Friday, September 15, 2017

Custom Curtainwall and Types

This week I did a presentation on Revit's Curtain Wall features for my students at NDSU; see this post for more about the class; NDSU Architecture School - BIM Seminar; Day One. I decided to take one of the examples and expand on it a bit.

The first image below is a shaded view within Revit. Everything here was done with normal Revit commands. The curtainwall is represented by just curtainwall and no other loaded or in-place families. I added the walls, site, interior lighting, etc. just for this post.

This example features a sloped mullion, multiple curtain panels (two glazing colors and a door) as well as a custom mullion profile (the horizontal fin). The aluminum framing also steps up and over the low masonry wall on the right hand side.


Additionally...

The next several views are of the Revit model in Enscape. Notice they all have an HDR image (sky box) loaded for dramatic affect and nice reflections in the glass. This view is forced to be a two point perspective... which is nice for smaller elements or rooms; not ever rendering program can do this.

A quick adjustment in Enscape, and it is nighttime. I think, because I don't have an actual earth modeled, the sun from the other side of the earth is "leaking" though - based on the odd lighting on the back side of my model, maybe?

Also, notice the nice grass and reflections in the glass. BTW, I have heard a lot of people say they think the grass is a bit too shaggy. Plus, I find it appears (i.e. pokes) through the floor, within the building, if you don't have a Building Pad placed; which is not really needed for slab on grade conditions.

A few more cool images. Once you start messing with Enscape it is hard to stop!



Now for a few other quick tips related to curtainwall...

Each curtain wall Type has an Automatically Embed toggle. This will cut a hole in a regular wall, as in the brick wall example above. I have seen a lot of people manually cut a hole with the Edit Profile tool... that is not required.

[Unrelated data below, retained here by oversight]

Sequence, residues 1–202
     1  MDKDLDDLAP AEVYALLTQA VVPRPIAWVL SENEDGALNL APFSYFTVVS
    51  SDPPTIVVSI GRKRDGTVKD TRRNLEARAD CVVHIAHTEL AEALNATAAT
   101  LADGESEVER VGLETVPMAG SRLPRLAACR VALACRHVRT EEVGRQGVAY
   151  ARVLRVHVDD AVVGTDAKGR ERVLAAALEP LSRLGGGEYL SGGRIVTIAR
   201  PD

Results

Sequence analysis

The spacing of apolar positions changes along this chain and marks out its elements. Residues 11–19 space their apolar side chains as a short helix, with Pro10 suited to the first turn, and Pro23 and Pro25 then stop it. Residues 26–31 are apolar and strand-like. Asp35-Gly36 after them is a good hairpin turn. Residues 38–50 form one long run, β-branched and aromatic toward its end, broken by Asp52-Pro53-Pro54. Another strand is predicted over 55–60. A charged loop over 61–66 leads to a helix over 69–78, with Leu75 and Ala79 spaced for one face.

If you want to manage curtain wall types and detailed elevations, one method is to use Design Options. Create a Design Option as shown in the image below. The primary Option will always be empty and thus nothing will ever show up in your model unless to tell it to.

Group the curtainwall and then insert a copy off to the side of your model. Select the new Group, and use the Add to Set command; add the selected elements to the secondary Design Option. Create an elevation view and set the secondary Design Option to be current (see image below). Now the curtain wall types only appear in this elevation view and nowhere else in the model.

If you edit the Group in the model, the group in the Design Option will update as well. This elevation can have all of the curtainwall types lined up next to each other.
In the curtainwall type view above, the glass type is tagged with a Material Tag. Notice, in the image below, the "G1" type is defined within the materials Identity properties.

This Design Option method is nice as it is "fail safe" in terms of geometry showing up in the model and Construction Documents. You also do not have to bend the rules and use phases, worksets or links to achieve the same results... each are less desirable in my opinion. For example:

  • Phases create problems in the MEP model where they have to deal with Phase Mapping or they will have graphics issues.
  • Worksets are not ideal for controlling visibility; which is essential what is happening here.
  • Using links are to much work.
Finally, in Revit 2018 we can create parameters for groups and schedule groups. Unfortunately, you cannot tag groups.

My two cents... enjoy.

4 comments:

  1. great tips! I came across a different approach the other day, too... not sure which is better. Basically you put an elevation at each piece of curtain wall, and the tag for the elevation is a curtain wall label.

    http://www.revithorizon.com/storefront-elevations/

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  2. Thanks for sharing. Interesting method. I still prefer my posted method as we can have all the types aligned to make sure mullions are positioned correctly. Also, my method ensures nothing will magically appear in view that needs to be hidden in the CW type elevation (just before printing CDs). But, as with most things, there are multiple valid ways to achieve a desired result. Nice to know all the options so a person can pick what works for them. Thanks again.

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    1. I'm curious, how do you put them off to the side? Do you rotate all of them to be side by side on a per-floor basis, or do you just explode them out per-elevation? I'm working on a small project so I want to give it a try and see how i like it!

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    2. Sorry, been traveling. Yes, place a new copy of each group, all in the same plane off to the side of the building. Being in a Design Option, they are never seen, except in the view for dimensions and elevations.

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